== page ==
Frank O'Hara 1926-1966 by Grace Hartigan

Frank O’Hara 1926-1966 by Grace Hartigan

Frank O’Hara says to Grace Hartigan
‘I do not always know what I am feeling.’
(but in For Grace, After a Party
it will become about you)

spouting a poetry of indeterminacy
as he builds his identity,
a compulsion of artistry accusing
her of the betrayal of figuration

pure abstraction was required to
invent a self-referential language,
to find the convincing limits of the self
she asserted the definitive line
in his elegy in paint, Frank O’Hara, 1926-1966

now imagine the Abstract Expressionists
on Facebook, drunken missives
of fluid modernity existing within
the persistent lateral surveillance of decorum

gorging on sycophants sexting naked pictures
from the front facing cameras of smartphones
deKooning’s women couched in
an art of internalized misogyny

in this iDubai world of conspicuous
consumption, anything can be a commodity,
masquerade as a pretense or solipsistic dissolution
accompanied by a string orchestration
to score a cinematic self-expression

all devolves into projection and reflection
tactical apologues in the life of the mind
code-talker paradox a side effect
in a cyber-context devoid of meaning
simultaneously blocking and enabling communication
digital age where we cannot make marks
that depress the paper, only unembossed gloss

we’re so far from the sumptuous feasts
debauched scenes and willful obscurities
of Lycophron’s Alexandra, offering instead
staid symposia and motivational speeches
forgetting the orgiastic origins
and slave owning of the intelligentsia

Plato was the first literary dandy
explicating the joys of exploitation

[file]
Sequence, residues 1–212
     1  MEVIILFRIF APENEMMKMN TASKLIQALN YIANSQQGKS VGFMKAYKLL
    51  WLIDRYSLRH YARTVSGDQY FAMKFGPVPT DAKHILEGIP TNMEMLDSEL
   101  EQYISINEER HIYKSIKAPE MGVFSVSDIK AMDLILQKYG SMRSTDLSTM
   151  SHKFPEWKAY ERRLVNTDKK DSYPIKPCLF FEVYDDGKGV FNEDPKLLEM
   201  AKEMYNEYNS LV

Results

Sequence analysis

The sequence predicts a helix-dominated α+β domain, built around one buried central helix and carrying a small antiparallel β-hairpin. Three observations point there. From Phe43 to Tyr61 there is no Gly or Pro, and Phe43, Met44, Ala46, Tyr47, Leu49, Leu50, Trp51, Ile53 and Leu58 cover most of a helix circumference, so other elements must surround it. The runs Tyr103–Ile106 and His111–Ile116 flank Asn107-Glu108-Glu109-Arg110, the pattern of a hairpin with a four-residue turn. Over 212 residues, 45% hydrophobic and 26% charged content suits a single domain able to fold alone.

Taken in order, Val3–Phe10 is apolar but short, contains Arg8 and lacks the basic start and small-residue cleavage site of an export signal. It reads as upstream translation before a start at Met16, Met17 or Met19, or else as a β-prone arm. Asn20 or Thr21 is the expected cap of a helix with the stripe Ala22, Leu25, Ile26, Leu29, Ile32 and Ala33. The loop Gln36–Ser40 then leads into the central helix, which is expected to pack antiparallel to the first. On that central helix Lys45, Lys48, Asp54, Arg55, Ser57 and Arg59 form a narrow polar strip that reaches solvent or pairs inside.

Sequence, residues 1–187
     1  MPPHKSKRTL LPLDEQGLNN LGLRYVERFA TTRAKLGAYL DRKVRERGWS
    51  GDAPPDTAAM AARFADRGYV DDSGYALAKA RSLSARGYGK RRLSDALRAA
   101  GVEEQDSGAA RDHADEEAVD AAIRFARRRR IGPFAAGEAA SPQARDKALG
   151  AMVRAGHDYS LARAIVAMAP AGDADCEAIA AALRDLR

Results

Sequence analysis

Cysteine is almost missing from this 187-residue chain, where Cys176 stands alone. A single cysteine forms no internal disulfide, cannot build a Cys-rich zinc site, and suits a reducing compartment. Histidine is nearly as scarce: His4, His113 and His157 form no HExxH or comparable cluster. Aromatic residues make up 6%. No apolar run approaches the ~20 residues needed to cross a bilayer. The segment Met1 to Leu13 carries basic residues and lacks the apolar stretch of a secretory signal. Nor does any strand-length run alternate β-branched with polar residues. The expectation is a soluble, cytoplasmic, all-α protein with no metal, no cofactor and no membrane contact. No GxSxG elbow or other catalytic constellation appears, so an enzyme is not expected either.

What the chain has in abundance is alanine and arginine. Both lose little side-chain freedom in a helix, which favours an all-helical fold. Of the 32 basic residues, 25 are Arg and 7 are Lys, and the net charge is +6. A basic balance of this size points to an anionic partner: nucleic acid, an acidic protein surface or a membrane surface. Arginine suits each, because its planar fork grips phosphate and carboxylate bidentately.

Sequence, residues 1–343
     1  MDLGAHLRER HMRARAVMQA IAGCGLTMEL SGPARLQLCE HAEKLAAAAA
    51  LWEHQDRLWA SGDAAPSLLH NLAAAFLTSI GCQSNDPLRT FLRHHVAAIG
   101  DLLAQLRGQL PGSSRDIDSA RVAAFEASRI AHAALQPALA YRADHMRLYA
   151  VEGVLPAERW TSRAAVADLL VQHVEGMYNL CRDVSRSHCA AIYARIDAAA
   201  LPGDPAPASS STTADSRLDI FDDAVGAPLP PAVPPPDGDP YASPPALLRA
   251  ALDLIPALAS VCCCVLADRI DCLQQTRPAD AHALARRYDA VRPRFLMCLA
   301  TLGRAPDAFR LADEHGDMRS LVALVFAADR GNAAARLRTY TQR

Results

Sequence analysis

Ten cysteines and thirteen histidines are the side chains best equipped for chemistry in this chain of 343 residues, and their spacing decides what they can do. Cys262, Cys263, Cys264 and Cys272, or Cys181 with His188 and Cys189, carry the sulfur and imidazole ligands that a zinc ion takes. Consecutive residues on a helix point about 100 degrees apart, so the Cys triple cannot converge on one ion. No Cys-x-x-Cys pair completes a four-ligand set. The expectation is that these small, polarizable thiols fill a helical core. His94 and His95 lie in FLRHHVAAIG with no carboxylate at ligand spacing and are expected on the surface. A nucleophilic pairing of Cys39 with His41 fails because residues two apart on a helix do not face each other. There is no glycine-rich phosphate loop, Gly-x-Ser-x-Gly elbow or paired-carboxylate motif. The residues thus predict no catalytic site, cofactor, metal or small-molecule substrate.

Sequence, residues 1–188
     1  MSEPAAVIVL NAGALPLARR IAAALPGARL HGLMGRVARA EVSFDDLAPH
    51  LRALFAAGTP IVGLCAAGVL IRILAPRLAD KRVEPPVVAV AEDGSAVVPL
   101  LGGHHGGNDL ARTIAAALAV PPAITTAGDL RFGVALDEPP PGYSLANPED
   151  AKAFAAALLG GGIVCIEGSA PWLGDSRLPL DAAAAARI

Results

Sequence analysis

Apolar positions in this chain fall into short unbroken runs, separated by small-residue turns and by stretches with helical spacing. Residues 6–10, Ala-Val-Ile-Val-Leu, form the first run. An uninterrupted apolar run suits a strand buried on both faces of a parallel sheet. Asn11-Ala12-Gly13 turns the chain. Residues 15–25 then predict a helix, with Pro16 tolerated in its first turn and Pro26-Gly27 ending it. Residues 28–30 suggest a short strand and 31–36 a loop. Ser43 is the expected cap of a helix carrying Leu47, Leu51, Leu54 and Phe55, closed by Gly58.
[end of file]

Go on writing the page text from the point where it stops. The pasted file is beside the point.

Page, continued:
revived by the Queen of Versailles
time share dream pushers building
90,000 square feet of opulence because they can
suing the filmmakers for life story rights

we bleat mutilated themes like Adele anthems
(registering attempts at emoting)
obsessive tracks running on elliptical trainers
to avoid over-hyped terrorist psychosis

virtualization is an act of fallacious connection
Time polls reiterate being rich will make you happy
performance art in the social hierarchy undermining
Rich’s dream of a common language

private and public merged
process and product revealed
so that the art and artist are one
unheeding the warning signs
Pollock’s unveiling killed him because
he knew the falsehood he stood upon
(cigarette butts and ejaculate
embedded in house paint)

how could we not continuously turn
to the melodic tones of dancing limbs?
pregnant looks, throwbacks to lover’s songs
ingestions of longing, You Belong to Me
melds into Make You Feel My Love

both speak intensely of possession,
of an invented and distorted humanity,
at the edge of thought as it becomes volition
or fades into the void, a gnat’s worth of life energy
in the storied American pursuit of happiness

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